On a very basic level, climate change has underscored the essential need to work on a broader spatial and temporal scale when considering natural resource management policies and projects. Scientists were arguably already moving in that direction – although they are often confined by state and local policies and regulations that end at the governing boundary. Federal policies like the Clean Water Act should theoretically help us develop a broader national perspective and strategy regarding the importance of wetlands and clean water and their vital contribution to human well-being. Sadly, that perspective has gotten drowned out by the debate over clarifying jurisdictional boundaries.

Climate change, however, continues to challenge our need to define boundaries – be it state lines, regulatory frameworks, jurisdiction, local ordinances – even science. It is accelerating the reality of “change” – something most humans are intensely uncomfortable with. The new concept of “novel ecosystems” has many seasoned ecological restoration professionals at odds with each other – but I think it has prompted an overdue and incredibly important discussion. The term “novel” is perhaps used inappropriately. It suggests that new ecosystems have developed, when in reality it is actually describing the natural process of evolution. Invasive species management is a core element in discussions regarding novel ecosystems and those who embrace the concept are looking at ways in which invasive species may actually contribute to ecosystems. This is a very hotly contested theory to be sure.

California Drought Dry Riverbed 2009But climate change is causing habitats to shift north, and the animals that depend on them to move along with them if they are able. It is altering our natural environment in fundamental ways – from extensive droughts, to water contamination from stormwater runoff, to loss of coastlines, to rapid species extinctions. And it’s happening in our own communities and to the flora and fauna that we have grown accustomed to over the past 100 years. Climate change has arrived and unfortunately we are ill prepared.

So how do we define “success” if the “new normal” is change? If we are restoring to a “reference wetland”, what happens in 25 years when the climate no longer supports that reference wetland habitat? How do we manage for change? How do we even manage our “wilderness” areas including national parks when those habitats and climates are changing? Have we boxed ourselves in with boundaries and ideals for restoration based on historic conditions?

Fortunately, there have been some efforts to develop more cooperative interstate agreements to deal with some of these issues, such as the new Bay restoration pact signed by Governors of Maryland, Pennsylvania, Virginia and Delaware. And the National Wildlife Federation just produced a handbook on “Climate-Smart Conservation: Putting Adaptation Principles into Practice” which should be a required reading for anyone working in natural resource management and/or policy.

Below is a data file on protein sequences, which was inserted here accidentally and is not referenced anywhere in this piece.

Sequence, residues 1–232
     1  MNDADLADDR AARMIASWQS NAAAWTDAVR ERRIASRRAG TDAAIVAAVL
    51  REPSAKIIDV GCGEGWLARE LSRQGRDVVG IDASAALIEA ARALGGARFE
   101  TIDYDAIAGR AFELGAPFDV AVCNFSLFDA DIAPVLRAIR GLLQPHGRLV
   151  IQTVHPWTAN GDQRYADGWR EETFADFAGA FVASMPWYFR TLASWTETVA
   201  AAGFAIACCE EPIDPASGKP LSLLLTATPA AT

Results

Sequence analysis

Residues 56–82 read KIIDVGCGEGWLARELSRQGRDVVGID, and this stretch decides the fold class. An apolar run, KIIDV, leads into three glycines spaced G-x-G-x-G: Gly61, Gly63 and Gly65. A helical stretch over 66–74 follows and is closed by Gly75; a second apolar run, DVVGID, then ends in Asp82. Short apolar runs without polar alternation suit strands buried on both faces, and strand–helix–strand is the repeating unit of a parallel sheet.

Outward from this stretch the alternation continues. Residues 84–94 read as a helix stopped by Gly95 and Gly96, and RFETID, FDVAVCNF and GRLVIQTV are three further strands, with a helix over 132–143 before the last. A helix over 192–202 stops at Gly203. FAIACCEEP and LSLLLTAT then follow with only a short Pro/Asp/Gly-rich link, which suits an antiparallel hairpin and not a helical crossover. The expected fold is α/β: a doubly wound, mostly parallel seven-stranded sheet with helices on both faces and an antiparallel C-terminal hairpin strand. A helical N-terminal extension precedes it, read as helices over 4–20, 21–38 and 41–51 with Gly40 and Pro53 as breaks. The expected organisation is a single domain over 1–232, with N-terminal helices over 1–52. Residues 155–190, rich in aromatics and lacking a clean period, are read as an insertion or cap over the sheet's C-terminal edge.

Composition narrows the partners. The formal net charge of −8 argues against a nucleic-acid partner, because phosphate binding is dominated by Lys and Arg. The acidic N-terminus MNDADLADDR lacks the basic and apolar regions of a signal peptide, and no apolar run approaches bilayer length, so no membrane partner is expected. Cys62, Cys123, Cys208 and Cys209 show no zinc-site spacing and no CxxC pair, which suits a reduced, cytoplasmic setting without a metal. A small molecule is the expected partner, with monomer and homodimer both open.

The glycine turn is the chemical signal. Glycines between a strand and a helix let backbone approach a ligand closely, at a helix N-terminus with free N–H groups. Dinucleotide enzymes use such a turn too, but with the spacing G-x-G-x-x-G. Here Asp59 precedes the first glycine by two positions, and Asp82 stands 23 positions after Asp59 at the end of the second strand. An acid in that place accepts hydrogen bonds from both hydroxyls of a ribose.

I believe that we are going to have to challenge ourselves to think outside of the box more than ever before. We are going to have to evolve professionally much more quickly if we want to keep up to pace with a rapidly changing climate. We will have to manage more holistically, commit more capacity toward monitoring, develop an adaptive regulatory framework and develop more fluid and robust ways for different agencies to work together toward common goals. And for Peat’s Sake, we’re going to have to work together and embrace our interdependence with each other and with nature.

Lotus Flower“We don’t wait until we overcome our self-centeredness before engaging with the world; addressing the suffering of the wider world is how we overcome our self-centeredness. Contrary to a common way of understanding the bodhisattva path, bodhisattvas don’t defer their own perfect enlightenment in order to help others; helping others is how they perfect their enlightenment. We awaken from our own self-suffering into a world full of suffering, with the realization I am not separate from that world.” – David Loy, Buddhist teacher and author and board member of Ecological Buddhism.

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Wetlander's Pick of the PostsNature: the ultimate innovator in agricultural systems

By Cehvonne Reynolds – CGIAR – June 5, 2014
Sources of novelty and innovation are key to building resilience in socio-ecological systems. “Nature” is the ultimate innovator and we only have to examine adaptations that have evolved in response to complex problems to realise that it is a decisive and creative force. However, we often tend to overlook sources of innovation provided by natural ecosystems. For full blog post, click here.

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View from the blog-o-sphereA new approach to climate politics: forget the climate

By Alison Smith – Friends of the Earth – April 4, 2014
Despite 20 years of urgent warnings from scientists, crowned by the latest IPCC report, there is still no sign of a realistic plan of action to limit climate change. Politicians won’t do anything without public support. But it seems that shouting about the dangers just makes people put their fingers in their ears. The debate is dominated by doom and gloom, and by those who argue that climate action is a costly burden that we can’t afford. But maybe we’ve got the whole thing the wrong way round. Maybe we should stop banging on about the climate and start talking about the health and well-being benefits we’re missing out on. For full blog post, click here.

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In May 2014 Illinois Farmers Insurance Company made headlines around the country when it sued almost 200 towns in the Chicago area for failing to do more to prevent damages linked to climate change. The suit argues that towns know that climate change is happening and should do more to address flooding.  This case and others like it are being watched with considerable interest by local governments across the country.  It has implications for individual insurance policy holders as well since there is speculation that this lawsuit is part of a larger strategy by Farmers parent company — Zurich Insurance Group—to avoid paying out for future climate change related losses worldwide.